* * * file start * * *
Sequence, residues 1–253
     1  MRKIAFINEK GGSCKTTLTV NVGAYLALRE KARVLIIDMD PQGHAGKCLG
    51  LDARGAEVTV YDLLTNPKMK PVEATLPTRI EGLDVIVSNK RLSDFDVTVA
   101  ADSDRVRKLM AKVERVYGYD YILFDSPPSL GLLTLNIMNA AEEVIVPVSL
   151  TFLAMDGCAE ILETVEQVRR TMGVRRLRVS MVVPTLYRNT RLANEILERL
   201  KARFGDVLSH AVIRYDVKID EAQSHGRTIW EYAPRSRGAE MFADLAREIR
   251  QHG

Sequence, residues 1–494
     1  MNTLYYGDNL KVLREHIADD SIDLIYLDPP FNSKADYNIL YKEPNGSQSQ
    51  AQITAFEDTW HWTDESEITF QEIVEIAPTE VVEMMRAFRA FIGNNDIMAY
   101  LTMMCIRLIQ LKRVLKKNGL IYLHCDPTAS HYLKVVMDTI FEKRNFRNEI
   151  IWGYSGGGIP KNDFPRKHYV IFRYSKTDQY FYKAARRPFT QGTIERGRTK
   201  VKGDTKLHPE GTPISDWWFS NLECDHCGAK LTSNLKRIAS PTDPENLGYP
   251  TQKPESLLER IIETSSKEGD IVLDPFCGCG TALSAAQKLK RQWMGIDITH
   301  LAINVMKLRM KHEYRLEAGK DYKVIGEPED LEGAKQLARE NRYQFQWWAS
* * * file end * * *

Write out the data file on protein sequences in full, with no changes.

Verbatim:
Sequence, residues 1–253
     1  MRKIAFINEK GGSCKTTLTV NVGAYLALRE KARVLIIDMD PQGHAGKCLG
    51  LDARGAEVTV YDLLTNPKMK PVEATLPTRI EGLDVIVSNK RLSDFDVTVA
   101  ADSDRVRKLM AKVERVYGYD YILFDSPPSL GLLTLNIMNA AEEVIVPVSL
   151  TFLAMDGCAE ILETVEQVRR TMGVRRLRVS MVVPTLYRNT RLANEILERL
   201  KARFGDVLSH AVIRYDVKID EAQSHGRTIW EYAPRSRGAE MFADLAREIR
   251  QHG

Sequence, residues 1–494
     1  MNTLYYGDNL KVLREHIADD SIDLIYLDPP FNSKADYNIL YKEPNGSQSQ
    51  AQITAFEDTW HWTDESEITF QEIVEIAPTE VVEMMRAFRA FIGNNDIMAY
   101  LTMMCIRLIQ LKRVLKKNGL IYLHCDPTAS HYLKVVMDTI FEKRNFRNEI
   151  IWGYSGGGIP KNDFPRKHYV IFRYSKTDQY FYKAARRPFT QGTIERGRTK
   201  VKGDTKLHPE GTPISDWWFS NLECDHCGAK LTSNLKRIAS PTDPENLGYP
   251  TQKPESLLER IIETSSKEGD IVLDPFCGCG TALSAAQKLK RQWMGIDITH
   301  LAINVMKLRM KHEYRLEAGK DYKVIGEPED LEGAKQLARE NRYQFQWWAS